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Not Sunday, though. Not with Griffin at quarterback.

He completed passes to Santana Moss, Fred Davis and Evan Royster, moving the Redskins to the Tampa Bay 41. Tampa Bay played its trademark Cover-2 defense, in which the middle linebacker plays the deep middle. That opened up shorter passes and yards after the catch.

And then Griffin hit the Buccaneers with his legs. He dropped back to pass, and the right side of the field opened up. He took off running with receiver Leonard Hankerson ahead of him to block. Tampa Bay stopped him at the 26. The yards the Redskins then lost on Kory Lichtensteiger’s false start penalty, they made back on another completion to Moss.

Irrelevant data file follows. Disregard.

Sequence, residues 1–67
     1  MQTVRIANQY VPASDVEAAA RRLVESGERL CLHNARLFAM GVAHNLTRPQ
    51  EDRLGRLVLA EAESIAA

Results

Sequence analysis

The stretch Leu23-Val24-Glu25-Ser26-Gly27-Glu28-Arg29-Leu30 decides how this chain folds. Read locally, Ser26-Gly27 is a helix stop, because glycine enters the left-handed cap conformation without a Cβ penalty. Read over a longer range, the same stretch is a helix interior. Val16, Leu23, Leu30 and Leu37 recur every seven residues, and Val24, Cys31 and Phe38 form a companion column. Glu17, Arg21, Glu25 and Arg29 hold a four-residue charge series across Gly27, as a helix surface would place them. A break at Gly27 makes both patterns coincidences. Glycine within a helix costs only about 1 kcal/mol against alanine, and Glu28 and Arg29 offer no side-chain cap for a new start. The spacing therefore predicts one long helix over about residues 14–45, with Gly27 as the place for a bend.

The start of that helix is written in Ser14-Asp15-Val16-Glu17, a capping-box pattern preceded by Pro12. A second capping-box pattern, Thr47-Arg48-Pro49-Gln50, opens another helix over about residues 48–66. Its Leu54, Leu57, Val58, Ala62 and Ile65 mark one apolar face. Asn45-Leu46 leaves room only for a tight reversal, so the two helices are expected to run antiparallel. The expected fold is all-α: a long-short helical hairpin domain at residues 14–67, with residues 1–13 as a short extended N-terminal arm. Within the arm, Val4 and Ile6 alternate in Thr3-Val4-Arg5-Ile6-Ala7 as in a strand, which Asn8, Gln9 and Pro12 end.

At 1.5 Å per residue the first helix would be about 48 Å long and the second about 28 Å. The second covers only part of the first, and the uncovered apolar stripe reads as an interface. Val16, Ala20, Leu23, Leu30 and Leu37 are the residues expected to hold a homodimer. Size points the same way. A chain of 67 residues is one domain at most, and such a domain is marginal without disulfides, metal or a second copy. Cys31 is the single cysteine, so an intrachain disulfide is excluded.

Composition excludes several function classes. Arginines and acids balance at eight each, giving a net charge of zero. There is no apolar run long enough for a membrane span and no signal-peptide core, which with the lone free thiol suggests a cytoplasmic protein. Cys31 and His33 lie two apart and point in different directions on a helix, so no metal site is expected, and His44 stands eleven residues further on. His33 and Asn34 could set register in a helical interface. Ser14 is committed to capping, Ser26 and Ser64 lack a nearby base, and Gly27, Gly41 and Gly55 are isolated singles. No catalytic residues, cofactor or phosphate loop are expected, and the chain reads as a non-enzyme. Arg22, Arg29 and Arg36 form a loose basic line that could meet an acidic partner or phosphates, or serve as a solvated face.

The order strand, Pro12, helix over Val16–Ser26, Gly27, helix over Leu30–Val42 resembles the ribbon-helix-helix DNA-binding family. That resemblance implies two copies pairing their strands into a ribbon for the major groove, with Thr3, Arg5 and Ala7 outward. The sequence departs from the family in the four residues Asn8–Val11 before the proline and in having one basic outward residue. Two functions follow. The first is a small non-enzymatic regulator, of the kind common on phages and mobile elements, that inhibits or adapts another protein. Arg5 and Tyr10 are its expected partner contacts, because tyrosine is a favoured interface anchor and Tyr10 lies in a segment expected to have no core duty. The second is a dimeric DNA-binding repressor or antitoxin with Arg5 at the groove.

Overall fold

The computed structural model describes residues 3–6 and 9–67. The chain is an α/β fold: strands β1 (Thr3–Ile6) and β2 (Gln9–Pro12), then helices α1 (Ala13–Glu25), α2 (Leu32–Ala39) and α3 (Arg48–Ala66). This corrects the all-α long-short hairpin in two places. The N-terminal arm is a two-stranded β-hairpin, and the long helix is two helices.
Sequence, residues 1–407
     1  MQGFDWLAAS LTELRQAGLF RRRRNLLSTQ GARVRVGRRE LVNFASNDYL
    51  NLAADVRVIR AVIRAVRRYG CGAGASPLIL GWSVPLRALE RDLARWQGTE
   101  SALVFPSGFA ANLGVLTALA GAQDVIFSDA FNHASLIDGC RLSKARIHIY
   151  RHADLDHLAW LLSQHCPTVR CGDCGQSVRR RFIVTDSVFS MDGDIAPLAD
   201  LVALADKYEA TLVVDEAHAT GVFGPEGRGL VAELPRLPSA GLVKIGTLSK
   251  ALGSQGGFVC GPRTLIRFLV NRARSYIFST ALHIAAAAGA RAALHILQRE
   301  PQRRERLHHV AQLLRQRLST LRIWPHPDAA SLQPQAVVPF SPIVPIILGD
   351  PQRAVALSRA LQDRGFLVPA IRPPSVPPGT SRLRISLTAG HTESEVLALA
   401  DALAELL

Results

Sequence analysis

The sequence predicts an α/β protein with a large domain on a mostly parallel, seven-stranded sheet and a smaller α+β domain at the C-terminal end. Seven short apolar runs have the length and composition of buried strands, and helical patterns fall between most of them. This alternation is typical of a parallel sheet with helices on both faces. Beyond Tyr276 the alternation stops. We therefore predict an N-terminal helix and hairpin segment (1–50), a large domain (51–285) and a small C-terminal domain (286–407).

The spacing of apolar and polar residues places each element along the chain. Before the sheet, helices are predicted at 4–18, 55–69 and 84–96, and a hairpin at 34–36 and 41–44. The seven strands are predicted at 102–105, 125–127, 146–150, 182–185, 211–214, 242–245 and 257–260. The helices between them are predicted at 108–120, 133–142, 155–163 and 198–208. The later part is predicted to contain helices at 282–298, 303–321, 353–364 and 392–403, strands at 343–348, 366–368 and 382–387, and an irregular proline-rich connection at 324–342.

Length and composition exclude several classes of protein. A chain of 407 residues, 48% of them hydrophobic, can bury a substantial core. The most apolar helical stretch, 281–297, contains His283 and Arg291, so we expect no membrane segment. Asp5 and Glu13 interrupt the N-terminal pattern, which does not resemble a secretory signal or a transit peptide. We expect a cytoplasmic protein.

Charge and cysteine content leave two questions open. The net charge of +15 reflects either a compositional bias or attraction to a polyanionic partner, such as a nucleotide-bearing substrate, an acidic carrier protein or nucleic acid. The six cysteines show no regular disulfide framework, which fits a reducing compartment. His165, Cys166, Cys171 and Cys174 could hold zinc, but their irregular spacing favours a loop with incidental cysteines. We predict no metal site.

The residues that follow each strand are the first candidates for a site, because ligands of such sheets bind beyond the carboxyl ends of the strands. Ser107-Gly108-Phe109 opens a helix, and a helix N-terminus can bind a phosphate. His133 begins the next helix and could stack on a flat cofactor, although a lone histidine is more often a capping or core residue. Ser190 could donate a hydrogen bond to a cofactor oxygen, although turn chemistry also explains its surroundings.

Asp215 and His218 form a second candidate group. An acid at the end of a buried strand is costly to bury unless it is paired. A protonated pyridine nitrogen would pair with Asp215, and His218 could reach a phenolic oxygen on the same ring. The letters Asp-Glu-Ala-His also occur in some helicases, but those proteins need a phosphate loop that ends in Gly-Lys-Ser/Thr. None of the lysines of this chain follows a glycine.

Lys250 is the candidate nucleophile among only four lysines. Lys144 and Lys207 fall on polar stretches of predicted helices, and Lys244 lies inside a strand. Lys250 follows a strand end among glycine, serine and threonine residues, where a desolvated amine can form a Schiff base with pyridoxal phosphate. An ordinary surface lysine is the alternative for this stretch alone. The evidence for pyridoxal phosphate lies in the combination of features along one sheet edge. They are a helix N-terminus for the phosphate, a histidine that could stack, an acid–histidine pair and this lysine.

And get this: the radio communication between Griffin’s helmet and offensive coordinator Kyle Shanahan on the sideline went out during the final drive. Shanahan normally would communicate the play calls to Griffin via radio, but Griffin had to call half of them on his own and run to the sideline to get the others.

The Redskins practice what to do in that unfortunate circumstance, so Griffin was ready for it.

“It was very neat how that practice situation, that practice scenario actually played out in the game,” he said. “Hopefully you don’t want that to happen, but it was pretty cool.”

Cool, just like Cundiff with the game on the line. He missed field goal attempts from 41, 57 and 31 yards earlier in the game. Four misses in one game might cost a kicker his job, so more than victory rode on the final swing of his leg.

The ball sailed high through the uprights with 3 seconds left. Cundiff pumped and re-pumped his fist while teammates congratulated Griffin on the sideline.

Griffin had wanted to stand up high on the bench to watch Cundiff’s kick, but tight ends coach Sean McVay pulled him to the edge of the sideline. The leader, out in front.

“We all had a feeling he was going to make it even though the day wasn’t so great for him,” Griffin said. “He came up big when it mattered.”